2007 landscape and garden trends
As a garden center owner, I long ago abandoned the concept that I operate a retail store that only sells plants. It's a design center that keeps up to date on each year's colors and gardening trends, and let me tell you the trends are changing fast.
I belong to several national garden center groups that help me keep a competitive edge when it comes to landscape styles and designs. The following update of the ever-changing gardening world is a combination of info from Susan McCoy, one of my advisors at Garden Media Group, blended with my take of trends in the local area.
Outdoor Living. This is the third season this trend continues, and it seems to be stronger every year. We are entertaining in our outdoor living rooms, cooking in our outdoor kitchens, entertaining with outdoor TVs and stereos; and our garden designs are affected by the impact of all these activities. Indoor living is out.
Escape Gardens. Thanks to advances in plant breeding, flowers and shrubs not typically inclined to grow here in Prescott are thriving. Bahama Bay hibiscus, tropicana canna, kong coleus all contribute to the tropical feeling of a Caribbean island, which really is an escape from our high mountain environment. Everyday gardens are out.
Streamlined Gardens. This year, taking the place of the cottage garden style, you will see big bold flowers and foliage and sleek, glazed containers that bring a more sophisticated modern look to our landscapes; also, it's a far cry from the rock lawn with a few conifers of old Prescott. Shabby chic gardens are out.
Eco-Chic Gardens. Organic deer and javalina repellents and biodegradable glazed containers will all be seen at the garden center this year. Disease-resistant plants like the Knock Out rose are easy to care for without environment-damaging chemicals. Chemical needy gardens are out.
Small Space Gardens. The ease of gardening in small spaces and mini-beds is drawing increased numbers of followers. You will see an expanded selection of dwarf-sized annuals, perennials and shrubs specifically bred for small spaces and containers. Colossal gardens are out.
Larger than Life Accents. Even in smaller gardens, accent pieces are proof that bigger is better this year. Large fountains, extra-large perennials, and gigantic-sized hanging baskets and pots will all be finding places in our gardens. Peak-a-boo accessories are out.
Foliage in Focus. Recognition is being given to great foliage plants that look as good without flowers as they do when in bloom. Look for a bolder hand in displays of elephant ear, ornamental grasses and iresine, aka bloodleaf. Flowers only are out.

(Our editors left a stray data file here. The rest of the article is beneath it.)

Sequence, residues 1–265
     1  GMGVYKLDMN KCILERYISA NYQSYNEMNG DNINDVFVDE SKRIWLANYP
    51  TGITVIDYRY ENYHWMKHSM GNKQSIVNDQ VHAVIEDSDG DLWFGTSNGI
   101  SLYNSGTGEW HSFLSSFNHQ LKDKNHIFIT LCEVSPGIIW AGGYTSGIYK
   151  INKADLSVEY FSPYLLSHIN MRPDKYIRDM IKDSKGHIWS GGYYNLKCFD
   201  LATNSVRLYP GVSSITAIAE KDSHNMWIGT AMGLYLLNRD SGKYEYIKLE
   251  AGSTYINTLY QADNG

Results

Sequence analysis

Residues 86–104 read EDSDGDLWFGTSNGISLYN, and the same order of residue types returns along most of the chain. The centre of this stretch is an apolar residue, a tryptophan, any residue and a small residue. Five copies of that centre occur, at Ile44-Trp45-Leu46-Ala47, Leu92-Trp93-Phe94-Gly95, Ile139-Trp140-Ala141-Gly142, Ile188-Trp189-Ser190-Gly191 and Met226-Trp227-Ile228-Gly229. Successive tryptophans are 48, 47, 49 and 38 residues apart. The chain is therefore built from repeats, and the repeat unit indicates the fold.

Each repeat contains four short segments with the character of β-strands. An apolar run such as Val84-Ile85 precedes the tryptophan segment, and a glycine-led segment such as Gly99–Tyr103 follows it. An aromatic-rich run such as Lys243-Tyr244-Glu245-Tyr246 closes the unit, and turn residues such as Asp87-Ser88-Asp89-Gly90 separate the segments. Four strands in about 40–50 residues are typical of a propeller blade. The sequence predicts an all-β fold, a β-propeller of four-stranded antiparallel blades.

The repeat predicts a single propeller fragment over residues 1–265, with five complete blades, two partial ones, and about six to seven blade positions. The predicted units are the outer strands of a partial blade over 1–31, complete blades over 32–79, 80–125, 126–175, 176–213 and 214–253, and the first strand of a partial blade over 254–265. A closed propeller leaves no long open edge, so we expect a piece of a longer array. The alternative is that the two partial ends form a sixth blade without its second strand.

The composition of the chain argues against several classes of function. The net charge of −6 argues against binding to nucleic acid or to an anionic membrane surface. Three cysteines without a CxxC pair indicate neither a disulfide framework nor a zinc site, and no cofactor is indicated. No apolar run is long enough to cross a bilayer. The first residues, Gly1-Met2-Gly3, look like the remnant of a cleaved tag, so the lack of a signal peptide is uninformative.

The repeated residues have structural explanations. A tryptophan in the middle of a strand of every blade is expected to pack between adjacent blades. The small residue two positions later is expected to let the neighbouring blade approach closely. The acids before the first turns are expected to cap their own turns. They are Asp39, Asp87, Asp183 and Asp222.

Multitasking Gardens. Combining edible herbs and vegetables into the landscape is more popular than ever. Red romaine lettuce is as great a pleasure to the eye as it is tasty in the salad bowl. Dwarf citrus trees are heat-loving patio tropicals that also work great as houseplants during the colder months. Time-consuming gardens are out.
Fancy Plants. Californians moving here have brought with them an exciting, positive gardening impact from plants uncommon to our mountain gardens. Among their numbers are avid orchid collectors and lovers of other exotic plants that are appearing in our local landscapes. Our new African violet club is the result of this west coast influence. Basic plants are out.
Designer Veggies. This trend is from living healthier lifestyles and growing our own vegetables. New tomato introductions include ball beefsteak and retro varieties like brandywine, which are anything but store-bought types. Store bought veggies are out.
Masses of Any Color. Mass plantings of evergreen shrubs are being replaced with hydrangeas, landscape roses and other flowering shrubs offering loads of color and interest for every season. Colorless masses are out.
24-Hour Gardens. Because our outdoor entertaining continues even after the sun goes down, our gardens are calling for those plants that look great at night. Happily, the popularity of these after-dark beauties has caused their selections to grow proportionately to the demand. Daytime only gardens are out.
That's the forecast from the experts, and that's exactly what you will find at with-it garden centers in 2007. As the calendar steadily pushes into spring, the inventory of new styles arriving daily this time of year makes for an enjoyable afternoon of "window shopping" and planning for this year's gardens.
Until next week, I'll see you in the garden center.